The election is almost here and it’s an extremely important one when it comes to health care. Thanks to the Affordable Care Act, nobody gets to go through life without dealing with health care or health insurance (or both). So you’d better get informed before Election Day to make the best choice possible. Being undecided is simply not an option anymore!
While it’s true that the president can’t directly do very much about health care, as we explained in our article The 2016 Presidential Race and the Future of Health Care, we’ve seen how influential President Obama was in taking the Affordable Care Act over the finish line.
The next president will make a major difference when it comes to our health care (and many other issues, too). The better you understand the options, the more confidence you will have in your vote.
Get the facts about Trump’s 7 Point Plan
The information about Trump’s plan is summarized from a 9/27/16 presentation on the topic of “The Presidential Candidates: Their Health Plans” given by Gerald F. Kominski, PhD, Director of the UCLA Center for Health Policy Research.
- Completely repeal Obamacare.
- Permit the sale of health insurance across state lines.
- Allow individuals to fully deduct health insurance premiums from income taxes.
- Allow individuals to use Health Savings Accounts (HSAs).
- Require price transparency from all healthcare providers, especially doctors and healthcare organizations like clinics and hospitals.
- Block-grant Medicaid to the states.
- Remove barriers to entry into free markets for drug providers that offer safe, reliable and cheaper products.
What would be the impact of Trump’s plan?
It would be very disruptive, and not in a good way. About 20 million people would no longer qualify for Medicaid, including millions of Californians on Medi-Cal. We’d go back to the days of pre-existing conditions and policy cancellations for being sick.
In addition, Trump’s plan would be bad news for equality in health care. For example, deducting health insurance premiums from income taxes would benefit the wealthy more than the poor. Medicaid Block Grants means that we’d have as many different eligibility standards as we have individual states. What little standardization we have would go out the window.
And selling health insurance across state lines would result in a race to the bottom when it comes to quality. Health insurers would simply set up in states with minimal regulations and weak consumer protections. Since each one of our 50 states has distinctly different regulations, it would be extremely difficult to figure out which policies would be best.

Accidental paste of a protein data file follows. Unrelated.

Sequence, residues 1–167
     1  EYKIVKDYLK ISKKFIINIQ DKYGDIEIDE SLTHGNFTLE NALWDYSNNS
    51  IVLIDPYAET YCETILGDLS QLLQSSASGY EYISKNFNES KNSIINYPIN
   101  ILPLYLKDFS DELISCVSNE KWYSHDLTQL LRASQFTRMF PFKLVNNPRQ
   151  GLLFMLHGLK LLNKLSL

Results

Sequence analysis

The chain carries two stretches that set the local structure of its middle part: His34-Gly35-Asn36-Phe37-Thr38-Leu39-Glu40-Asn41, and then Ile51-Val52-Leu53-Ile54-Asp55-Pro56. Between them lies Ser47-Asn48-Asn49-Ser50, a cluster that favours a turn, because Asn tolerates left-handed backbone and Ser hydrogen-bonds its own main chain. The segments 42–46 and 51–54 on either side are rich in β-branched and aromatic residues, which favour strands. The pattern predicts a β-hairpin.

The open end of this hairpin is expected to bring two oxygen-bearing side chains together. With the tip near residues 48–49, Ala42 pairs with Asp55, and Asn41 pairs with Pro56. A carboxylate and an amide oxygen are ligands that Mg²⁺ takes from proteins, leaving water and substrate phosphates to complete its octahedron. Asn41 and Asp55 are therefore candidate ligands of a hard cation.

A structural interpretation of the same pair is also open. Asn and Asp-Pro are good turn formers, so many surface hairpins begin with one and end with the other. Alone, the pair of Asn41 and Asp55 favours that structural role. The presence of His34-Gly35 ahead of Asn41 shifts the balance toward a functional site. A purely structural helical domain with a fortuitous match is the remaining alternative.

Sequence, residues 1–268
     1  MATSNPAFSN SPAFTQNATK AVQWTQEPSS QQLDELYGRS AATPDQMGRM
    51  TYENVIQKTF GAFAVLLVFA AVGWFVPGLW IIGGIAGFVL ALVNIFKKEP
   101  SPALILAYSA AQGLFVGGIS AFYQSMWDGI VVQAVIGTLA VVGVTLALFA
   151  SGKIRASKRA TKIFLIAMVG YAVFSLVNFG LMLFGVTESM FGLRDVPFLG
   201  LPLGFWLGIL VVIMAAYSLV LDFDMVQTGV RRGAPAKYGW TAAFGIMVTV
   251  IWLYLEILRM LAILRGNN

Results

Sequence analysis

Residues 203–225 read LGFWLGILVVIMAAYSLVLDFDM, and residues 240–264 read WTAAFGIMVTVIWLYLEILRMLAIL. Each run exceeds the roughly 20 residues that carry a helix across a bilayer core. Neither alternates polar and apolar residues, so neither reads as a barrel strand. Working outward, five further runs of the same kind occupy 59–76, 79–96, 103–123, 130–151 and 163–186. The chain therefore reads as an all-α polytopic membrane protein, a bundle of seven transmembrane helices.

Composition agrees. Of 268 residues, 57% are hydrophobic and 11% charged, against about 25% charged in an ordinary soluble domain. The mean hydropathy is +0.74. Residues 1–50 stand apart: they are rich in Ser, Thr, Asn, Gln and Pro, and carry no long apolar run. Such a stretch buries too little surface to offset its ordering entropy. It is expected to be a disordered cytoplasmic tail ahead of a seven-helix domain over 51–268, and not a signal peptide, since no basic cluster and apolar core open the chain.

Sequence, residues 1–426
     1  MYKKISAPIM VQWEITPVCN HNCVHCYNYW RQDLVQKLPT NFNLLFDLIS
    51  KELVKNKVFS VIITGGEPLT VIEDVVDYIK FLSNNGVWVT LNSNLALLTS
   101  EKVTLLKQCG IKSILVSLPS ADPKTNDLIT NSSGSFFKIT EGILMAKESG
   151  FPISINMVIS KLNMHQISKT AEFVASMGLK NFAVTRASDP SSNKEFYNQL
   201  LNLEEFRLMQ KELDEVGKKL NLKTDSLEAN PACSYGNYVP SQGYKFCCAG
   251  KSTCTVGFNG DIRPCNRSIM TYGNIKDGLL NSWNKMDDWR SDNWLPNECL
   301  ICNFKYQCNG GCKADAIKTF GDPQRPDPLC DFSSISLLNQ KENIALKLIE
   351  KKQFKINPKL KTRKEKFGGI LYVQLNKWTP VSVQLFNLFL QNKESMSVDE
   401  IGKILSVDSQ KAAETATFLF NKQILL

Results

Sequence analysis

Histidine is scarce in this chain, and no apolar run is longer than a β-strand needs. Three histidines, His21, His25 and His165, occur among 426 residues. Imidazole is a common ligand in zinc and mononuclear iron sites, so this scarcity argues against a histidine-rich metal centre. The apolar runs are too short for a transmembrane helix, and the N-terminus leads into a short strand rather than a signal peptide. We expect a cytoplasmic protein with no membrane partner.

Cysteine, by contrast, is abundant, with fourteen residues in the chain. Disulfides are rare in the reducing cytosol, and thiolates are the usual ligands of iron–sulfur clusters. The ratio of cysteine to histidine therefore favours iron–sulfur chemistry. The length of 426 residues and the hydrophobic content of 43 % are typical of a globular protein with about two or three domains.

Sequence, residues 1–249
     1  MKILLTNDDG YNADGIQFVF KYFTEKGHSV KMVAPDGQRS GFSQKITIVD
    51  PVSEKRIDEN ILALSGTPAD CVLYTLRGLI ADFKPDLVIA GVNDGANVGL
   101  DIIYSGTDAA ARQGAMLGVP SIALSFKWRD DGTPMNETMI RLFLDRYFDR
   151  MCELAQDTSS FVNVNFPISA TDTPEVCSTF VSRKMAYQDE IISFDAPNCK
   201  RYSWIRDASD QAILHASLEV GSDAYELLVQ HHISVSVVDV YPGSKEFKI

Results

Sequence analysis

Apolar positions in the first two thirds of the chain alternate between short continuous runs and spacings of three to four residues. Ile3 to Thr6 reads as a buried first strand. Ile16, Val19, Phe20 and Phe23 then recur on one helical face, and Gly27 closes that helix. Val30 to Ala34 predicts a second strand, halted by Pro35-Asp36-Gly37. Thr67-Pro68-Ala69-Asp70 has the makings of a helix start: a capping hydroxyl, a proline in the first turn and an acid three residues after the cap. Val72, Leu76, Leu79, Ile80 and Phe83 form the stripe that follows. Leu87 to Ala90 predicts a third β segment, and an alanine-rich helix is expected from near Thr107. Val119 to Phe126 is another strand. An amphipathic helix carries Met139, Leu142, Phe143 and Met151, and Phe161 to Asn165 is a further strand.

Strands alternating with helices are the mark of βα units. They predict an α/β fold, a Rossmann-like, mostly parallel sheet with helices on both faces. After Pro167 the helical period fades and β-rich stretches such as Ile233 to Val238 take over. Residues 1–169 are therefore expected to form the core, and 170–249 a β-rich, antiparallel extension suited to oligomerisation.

Trump’s plan rests on the idea that health care is a market, and therefore solutions that are market-based are what we need.
Get the Facts about Clinton’s 4 Point Plan
The information about Clinton’s 4 Point Plan is summarized from Hillary Clinton’s article My Vision for Universal, Quality, Affordable Health Care published on 9/28/16 in the New England Journal of Medicine and includes material from the 9/27/16 presentation by Dr. Kominski (UCLA).
- Improve – not repeal – the Affordable Care Act.
- Ensure greater affordability for all Americans.
- Achieve improved health and health care in an integrated fashion.
- Secure true innovations in diagnosing, treating, and curing disease.
What would be the impact of Clinton’s Plan?
It would fix some of the problems with the Affordable Care Act. Her solutions include expanding Medicaid coverage in the 19 states that rejected it, enhancing tax credits on premiums to make them more affordable, eliminating the “family glitch,” limiting the cost of prescription drugs and allowing Medicare to negotiate for drug prices.
As for “integration,” Clinton’s plan would also address to some degree the lack of access to mental, dental, and reproductive health care faced by many Americans.
And it would promote innovation and investment in research.
However, like Trump’s plan, it assumes that health care is a “market,” and that making money off limiting or denying health care is ok. In other words, there is no “paradigm shift” or “disruptive innovation” inherent in the Clinton plan. It’s more of the same old, same old health-insurer-gravy-train.
When all is said and done, neither Trump’s nor Clinton’s plan would make coverage universal, set maximums on premiums charged or expand provider networks to include all doctors.
Here’s what we think:
The most important criteria for our healthcare system are that it be universal, equitable, comprehensive, affordable, and high quality. We support Improved, Expanded Medicare for All because an integrated public health insurance system could be designed to meet those criteria.
Our current system is too fractionalized, with way too many payers, to achieve equality of access, affordability or quality.
Looking beyond the systemic obstacles, the private health insurers themselves play a major and negative role in our health care, mainly because their priorities suck. But admittedly they were much worse before the Affordable Care Act. They refused to cover people who were sick, and cancelled insurance for people when they got sick.
Certainly nobody wants to go back to the “bad old days,” but clearly, healthcare reform so far just isn’t cutting it!
If you agree that health care should be universal, high quality, easy and affordable, instead of a hassle, join us. Together, we will win!